OPINION: Jamal Adams is Handling His Contract Situation Poorly

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    In November 2019, Jamal Adams spoke to reporters at a post-practice press conference. The NFL trade deadline had passed several weeks before, and Adams’ name was the subject of speculation.

    The press conference provided Adams with an opportunity to respond to Jets owner Christopher Johnson’s statement that “[He] would love to have Jamal on this team for the rest of his career.”

    What did Adams say?

    “S–t, I wanna be a Jet for life too.”

    Flash-forward to Thursday, when NFL insider Gary Myers said that the “Jets have given no indication to sign All-Pro S Jamal Adams to new contract in [2020] offseason.”

    Myers also wrote, “[Adams] wants [a] contract now. Stalemate has caused friction…”

    Now, let me remind you that Adams is entering the fourth year of his rookie deal. The Jets have control of Adams until 2021 after exercising the club option on Adams’ contract. Adams is set to make $3.5 million in 2020.

    If you want to be a “Jet for Life,” shouldn’t you be patient and wait for a deal to get done? I mean, you’re playing a season, with the Jets, which is a major part of the title “Jet for Life.”

    Joe Douglas has reiterated time and time again that he wants to bring back Adams. While he has listened to offers, he’s done just that – merely pick up the phone and listen.

    Adams is a generational talent who makes his presence known on the field. He’s a moneymaker, too – he sold the 36th-most jerseys during the 2019 NFL season.

    EAST RUTHERFORD, NEW JERSEY – NOVEMBER 24: Jamal Adams #33 of the New York Jets reacts after sacking Derek Carr #4 of the Oakland Raiders during the first half of their game at MetLife Stadium on November 24, 2019 in East Rutherford, New Jersey. (Photo by Emilee Chinn/Getty Images)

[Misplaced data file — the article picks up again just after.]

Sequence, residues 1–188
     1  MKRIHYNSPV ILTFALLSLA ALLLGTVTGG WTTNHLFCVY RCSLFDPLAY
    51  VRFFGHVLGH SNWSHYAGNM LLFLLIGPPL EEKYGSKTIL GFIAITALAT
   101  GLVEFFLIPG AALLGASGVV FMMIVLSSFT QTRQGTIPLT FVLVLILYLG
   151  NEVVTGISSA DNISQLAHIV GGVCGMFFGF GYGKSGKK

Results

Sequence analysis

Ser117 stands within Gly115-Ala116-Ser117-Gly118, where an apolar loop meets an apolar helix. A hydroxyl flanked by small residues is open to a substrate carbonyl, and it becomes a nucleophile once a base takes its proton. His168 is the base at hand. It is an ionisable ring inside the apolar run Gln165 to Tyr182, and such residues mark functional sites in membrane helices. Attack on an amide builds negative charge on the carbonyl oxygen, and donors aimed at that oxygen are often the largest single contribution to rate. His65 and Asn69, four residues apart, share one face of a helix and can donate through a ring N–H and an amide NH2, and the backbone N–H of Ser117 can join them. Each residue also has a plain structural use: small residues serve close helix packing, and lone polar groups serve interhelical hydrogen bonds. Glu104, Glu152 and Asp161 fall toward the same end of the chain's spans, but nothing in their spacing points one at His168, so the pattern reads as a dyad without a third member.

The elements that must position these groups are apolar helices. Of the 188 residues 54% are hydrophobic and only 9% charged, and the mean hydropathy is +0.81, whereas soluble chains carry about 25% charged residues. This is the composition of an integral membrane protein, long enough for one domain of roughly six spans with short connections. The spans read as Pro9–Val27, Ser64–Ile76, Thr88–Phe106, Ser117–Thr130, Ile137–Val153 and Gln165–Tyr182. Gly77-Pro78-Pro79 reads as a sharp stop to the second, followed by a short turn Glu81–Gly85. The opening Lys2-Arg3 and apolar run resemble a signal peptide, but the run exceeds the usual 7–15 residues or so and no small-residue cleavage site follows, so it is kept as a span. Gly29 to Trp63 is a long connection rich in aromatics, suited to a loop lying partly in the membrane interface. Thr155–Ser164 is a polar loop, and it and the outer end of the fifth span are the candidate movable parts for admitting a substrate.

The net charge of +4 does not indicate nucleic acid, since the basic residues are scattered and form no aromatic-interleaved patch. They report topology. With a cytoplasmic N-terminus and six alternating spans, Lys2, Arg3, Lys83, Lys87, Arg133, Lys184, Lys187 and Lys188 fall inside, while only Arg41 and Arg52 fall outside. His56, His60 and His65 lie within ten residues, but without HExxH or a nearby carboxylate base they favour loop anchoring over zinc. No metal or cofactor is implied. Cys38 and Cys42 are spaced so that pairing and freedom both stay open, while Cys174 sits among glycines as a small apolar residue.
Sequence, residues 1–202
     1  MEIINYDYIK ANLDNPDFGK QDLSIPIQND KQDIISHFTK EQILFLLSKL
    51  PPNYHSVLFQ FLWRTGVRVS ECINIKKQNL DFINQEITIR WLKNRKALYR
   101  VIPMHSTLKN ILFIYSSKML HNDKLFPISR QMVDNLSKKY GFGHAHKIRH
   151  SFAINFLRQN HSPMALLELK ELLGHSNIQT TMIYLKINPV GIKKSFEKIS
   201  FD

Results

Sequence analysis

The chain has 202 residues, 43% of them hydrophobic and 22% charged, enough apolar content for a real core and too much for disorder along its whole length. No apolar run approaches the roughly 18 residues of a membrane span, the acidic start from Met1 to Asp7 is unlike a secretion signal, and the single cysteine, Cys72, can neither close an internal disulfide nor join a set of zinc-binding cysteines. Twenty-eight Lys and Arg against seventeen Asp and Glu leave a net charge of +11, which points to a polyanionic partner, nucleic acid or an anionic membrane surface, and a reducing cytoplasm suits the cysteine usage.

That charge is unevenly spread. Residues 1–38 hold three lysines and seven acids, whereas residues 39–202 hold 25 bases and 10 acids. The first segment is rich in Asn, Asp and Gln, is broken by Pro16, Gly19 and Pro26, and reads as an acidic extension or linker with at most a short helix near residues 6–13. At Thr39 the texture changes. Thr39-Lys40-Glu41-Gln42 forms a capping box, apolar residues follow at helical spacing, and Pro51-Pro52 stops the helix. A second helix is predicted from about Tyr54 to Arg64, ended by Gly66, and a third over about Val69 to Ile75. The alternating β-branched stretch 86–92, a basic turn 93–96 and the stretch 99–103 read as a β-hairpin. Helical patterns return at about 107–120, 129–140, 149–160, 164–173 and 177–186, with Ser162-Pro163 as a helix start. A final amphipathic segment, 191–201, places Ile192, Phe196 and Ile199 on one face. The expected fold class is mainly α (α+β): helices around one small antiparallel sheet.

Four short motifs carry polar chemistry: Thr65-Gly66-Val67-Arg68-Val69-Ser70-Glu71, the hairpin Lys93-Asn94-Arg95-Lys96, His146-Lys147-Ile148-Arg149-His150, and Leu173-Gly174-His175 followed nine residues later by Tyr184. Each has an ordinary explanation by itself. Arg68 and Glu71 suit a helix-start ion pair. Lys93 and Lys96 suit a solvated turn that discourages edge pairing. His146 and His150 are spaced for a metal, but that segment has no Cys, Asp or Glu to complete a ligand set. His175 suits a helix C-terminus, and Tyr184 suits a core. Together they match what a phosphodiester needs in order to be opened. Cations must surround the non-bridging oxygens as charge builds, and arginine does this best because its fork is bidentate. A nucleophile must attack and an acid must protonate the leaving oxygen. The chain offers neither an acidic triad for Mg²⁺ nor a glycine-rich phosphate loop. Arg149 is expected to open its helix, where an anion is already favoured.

Adams skipped voluntary virtual minicamp earlier this year. There may be a possible holdout brewing, which would damage Adams exponentially. For one, he loses fan support. When a star doesn’t play, no one wins. Two, it will cost him money. We saw this with LeVeon Bell in Pittsburgh – he lost $852,000 per week as a result of his holdout.

    If Adams holds out, he risks his replacement in Ashtyn Davis, who the Jets selected in the third round of the 2020 NFL Draft, being a massive success. If Davis proves to be a significant replacement for Adams, the Jets lose the desire for dealing out big money and are able to deal Adams for draft capital.

    Adams is ultimately going to end up making one of three decisions – One, being patient and tabling negotiations with the Jets until 2021, thus playing the season with the Jets, or two, holding out and risking a trade within the near future.

    With the way Adams has acted on Twitter, sending cryptic messages, as well as rumors leaking out that he does not in fact want to be a “Jet for life,” my bet is that option two is the most likely option.

    Oh, and don’t forget that Adams is from Dallas – the Cowboys have repeatedly reached out to the Jets with inquiries about the star. Myers closes his tweet with, “[An Adams] trade [is] very possible. It’s expected half the teams will call Jets.”

    Half of the NFL will make offers for Jamal Adams. Jets fans should hope Ashtyn Davis is a good draft pick.

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